30% of companies say they’ll stop offering coverage
By Russ Britt, MarketWatch
LOS ANGELES (MarketWatch) — Once provisions of the Affordable Care Act start to kick in during 2014, at least three of every 10 employers will probably stop offering health coverage, a survey released Monday shows.
While only 7% of employees will be forced to switch to subsidized-exchange programs, at least 30% of companies say they will “definitely or probably” stop offering employer-sponsored coverage, according to the study published in McKinsey Quarterly.
The survey of 1,300 employers says those who are keenly aware of the health-reform measure probably are more likely to consider an alternative to employer-sponsored plans, with 50% to 60% in this group expected to make a change. It also found that for some, it makes more sense to switch.
Are profit forecasts too optimistic?
A 4% economic-growth rate for 2011 now looks like a pipe dream. In that case, assumptions about corporate earnings may be high, especially with the Federal Reserve's latest bond-buying program winding down. Kelly Evans discusses.
“At least 30% of employers would gain economically from dropping coverage, even if they completely compensated employees for the change through other benefit offerings or higher salaries,” the study says.
It goes on to add: “Contrary to what employers assume, more than 85% of employees would remain at their jobs even if their employers stopped offering [employer-sponsored insurance], although about 60% would expect increased compensation.” Read about the costly flaws in the U.S. digital health-data plan.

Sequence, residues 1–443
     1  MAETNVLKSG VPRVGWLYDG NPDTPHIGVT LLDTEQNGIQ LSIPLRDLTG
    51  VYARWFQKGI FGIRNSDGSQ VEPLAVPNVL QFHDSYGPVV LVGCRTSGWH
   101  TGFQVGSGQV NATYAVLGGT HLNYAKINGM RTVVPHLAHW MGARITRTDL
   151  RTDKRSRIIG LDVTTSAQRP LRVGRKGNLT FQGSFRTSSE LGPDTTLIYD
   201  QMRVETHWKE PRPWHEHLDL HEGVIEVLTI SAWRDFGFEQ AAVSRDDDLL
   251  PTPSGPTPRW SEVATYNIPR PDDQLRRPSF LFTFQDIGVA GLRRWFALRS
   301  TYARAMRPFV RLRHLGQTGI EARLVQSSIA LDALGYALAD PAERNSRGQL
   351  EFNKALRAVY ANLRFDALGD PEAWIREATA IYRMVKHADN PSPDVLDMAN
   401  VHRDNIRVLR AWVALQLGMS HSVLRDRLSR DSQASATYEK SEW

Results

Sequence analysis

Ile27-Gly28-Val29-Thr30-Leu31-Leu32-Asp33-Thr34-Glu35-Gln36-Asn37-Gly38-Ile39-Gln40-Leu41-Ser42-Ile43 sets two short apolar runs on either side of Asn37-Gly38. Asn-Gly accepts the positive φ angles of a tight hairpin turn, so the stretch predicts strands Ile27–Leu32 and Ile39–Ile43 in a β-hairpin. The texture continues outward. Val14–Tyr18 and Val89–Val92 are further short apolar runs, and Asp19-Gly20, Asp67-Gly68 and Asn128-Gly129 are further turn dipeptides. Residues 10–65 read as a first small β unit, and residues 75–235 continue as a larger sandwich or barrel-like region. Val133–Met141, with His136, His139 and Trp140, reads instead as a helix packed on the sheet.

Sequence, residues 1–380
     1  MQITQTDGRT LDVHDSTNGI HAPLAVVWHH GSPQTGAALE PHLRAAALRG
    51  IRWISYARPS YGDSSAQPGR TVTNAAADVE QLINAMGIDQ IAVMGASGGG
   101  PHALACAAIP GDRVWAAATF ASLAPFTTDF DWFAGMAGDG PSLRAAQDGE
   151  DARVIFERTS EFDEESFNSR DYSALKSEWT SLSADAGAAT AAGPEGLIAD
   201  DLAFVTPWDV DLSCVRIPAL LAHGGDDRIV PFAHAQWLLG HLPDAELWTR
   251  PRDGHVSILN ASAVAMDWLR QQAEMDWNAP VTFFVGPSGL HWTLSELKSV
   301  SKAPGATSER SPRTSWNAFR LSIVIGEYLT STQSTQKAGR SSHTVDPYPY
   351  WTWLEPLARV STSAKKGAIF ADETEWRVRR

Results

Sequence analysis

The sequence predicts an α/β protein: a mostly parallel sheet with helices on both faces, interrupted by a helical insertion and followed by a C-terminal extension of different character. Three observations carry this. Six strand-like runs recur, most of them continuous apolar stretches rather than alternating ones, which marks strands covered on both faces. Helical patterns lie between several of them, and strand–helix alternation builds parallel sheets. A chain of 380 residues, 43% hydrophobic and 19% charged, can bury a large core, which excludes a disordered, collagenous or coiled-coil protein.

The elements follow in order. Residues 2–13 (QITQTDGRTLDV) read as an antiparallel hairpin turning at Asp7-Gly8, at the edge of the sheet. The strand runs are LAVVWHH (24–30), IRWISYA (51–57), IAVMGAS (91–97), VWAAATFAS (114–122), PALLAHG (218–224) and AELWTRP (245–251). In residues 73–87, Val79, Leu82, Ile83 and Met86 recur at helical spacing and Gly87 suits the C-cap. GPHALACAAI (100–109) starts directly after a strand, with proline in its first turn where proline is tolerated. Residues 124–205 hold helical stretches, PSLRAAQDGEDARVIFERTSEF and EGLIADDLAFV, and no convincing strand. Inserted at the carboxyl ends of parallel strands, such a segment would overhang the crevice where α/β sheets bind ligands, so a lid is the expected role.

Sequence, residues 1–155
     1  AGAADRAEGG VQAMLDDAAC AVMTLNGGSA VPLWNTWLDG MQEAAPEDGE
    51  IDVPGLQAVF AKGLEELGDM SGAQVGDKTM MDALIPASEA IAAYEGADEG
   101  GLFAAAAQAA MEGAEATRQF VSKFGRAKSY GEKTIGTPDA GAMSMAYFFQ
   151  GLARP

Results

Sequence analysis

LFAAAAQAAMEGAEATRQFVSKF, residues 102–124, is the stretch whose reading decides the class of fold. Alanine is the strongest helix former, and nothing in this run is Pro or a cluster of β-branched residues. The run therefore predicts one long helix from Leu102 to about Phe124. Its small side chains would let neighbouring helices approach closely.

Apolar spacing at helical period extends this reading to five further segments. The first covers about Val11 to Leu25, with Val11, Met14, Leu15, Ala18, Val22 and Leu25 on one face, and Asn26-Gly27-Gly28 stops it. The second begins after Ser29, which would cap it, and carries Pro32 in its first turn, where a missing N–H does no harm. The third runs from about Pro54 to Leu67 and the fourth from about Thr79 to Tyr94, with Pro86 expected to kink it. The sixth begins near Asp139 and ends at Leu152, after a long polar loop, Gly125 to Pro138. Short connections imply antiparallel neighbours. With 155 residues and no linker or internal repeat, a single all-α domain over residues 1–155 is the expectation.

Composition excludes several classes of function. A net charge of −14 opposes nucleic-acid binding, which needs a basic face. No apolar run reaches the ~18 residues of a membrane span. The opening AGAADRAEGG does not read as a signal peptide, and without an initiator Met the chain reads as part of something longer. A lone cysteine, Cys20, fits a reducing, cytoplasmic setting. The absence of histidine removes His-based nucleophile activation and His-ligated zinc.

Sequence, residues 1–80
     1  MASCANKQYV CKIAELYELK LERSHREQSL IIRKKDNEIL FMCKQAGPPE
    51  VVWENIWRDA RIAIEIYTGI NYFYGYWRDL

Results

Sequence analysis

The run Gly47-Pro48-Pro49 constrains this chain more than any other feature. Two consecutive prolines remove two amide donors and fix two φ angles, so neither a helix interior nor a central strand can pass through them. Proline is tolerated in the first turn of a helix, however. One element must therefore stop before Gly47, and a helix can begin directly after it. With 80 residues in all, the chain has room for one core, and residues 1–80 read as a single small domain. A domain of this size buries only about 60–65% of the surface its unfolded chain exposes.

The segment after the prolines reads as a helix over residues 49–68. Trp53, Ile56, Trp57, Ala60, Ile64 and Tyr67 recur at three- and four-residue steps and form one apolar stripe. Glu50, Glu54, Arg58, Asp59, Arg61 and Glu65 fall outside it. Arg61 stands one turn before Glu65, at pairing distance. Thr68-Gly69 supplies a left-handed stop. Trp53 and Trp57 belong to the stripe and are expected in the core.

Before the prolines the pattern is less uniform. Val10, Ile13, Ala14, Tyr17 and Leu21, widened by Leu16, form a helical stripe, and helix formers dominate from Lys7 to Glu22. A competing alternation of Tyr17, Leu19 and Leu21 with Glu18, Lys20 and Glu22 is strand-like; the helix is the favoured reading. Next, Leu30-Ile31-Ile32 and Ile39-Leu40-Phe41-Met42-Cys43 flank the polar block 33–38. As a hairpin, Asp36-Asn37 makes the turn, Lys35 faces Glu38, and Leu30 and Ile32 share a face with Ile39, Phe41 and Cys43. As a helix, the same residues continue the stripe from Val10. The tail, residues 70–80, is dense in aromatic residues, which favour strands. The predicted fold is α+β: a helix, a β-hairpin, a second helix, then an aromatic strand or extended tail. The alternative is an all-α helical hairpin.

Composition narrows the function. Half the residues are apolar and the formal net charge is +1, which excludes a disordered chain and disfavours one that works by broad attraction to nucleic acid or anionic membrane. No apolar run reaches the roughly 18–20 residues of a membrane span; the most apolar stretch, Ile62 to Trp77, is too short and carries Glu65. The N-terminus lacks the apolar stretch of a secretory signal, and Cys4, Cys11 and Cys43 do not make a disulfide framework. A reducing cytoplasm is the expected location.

White House responds
Late Monday, an Obama administration official took issue with the study, saying that it is at odds with findings from the Congressional Budget Office, think-tank Rand Corp. and the Urban Institute. In an email response, the official wrote that when Massachusetts initiated its own reform, the number of individuals with employer-sponsored insurance increased.
Indeed, the Rand study released in April noted: “The percentage of employees offered insurance will not change substantially, but a small number of employees in small firms (defined as those with under 100 employees in 2016) will obtain employer-sponsored insurance through the state insurance exchanges.”
In a Jan. 25 study, the Urban Institute said that reports of the demise of employer-sponsored insurance were “premature” and that few would stop offering.
“Our results show the opposite — the [Affordable Care Act] has little effect on overall [employer-sponsored] coverage, and overall employer spending on health care would be slightly lower under the ACA,” according to its own study.
A number of competitors will emerge in the insurance market once reform provisions start to take effect, according to the McKinsey Quarterly study. These firms will be needed to provide a transition for those moving from employer-sponsored insurance to other coverage options.
Insurers will have to adapt to new realities and look for ways to keep the policy holders they have, the study says, but that shouldn’t be difficult. “Our research shows that more than 70% of employees would stay with their insurer if it offers a seamless transition and appropriate products. Each payer also must understand how changing employer-benefit strategies will shift the risk profile of its membership and set prices appropriately.”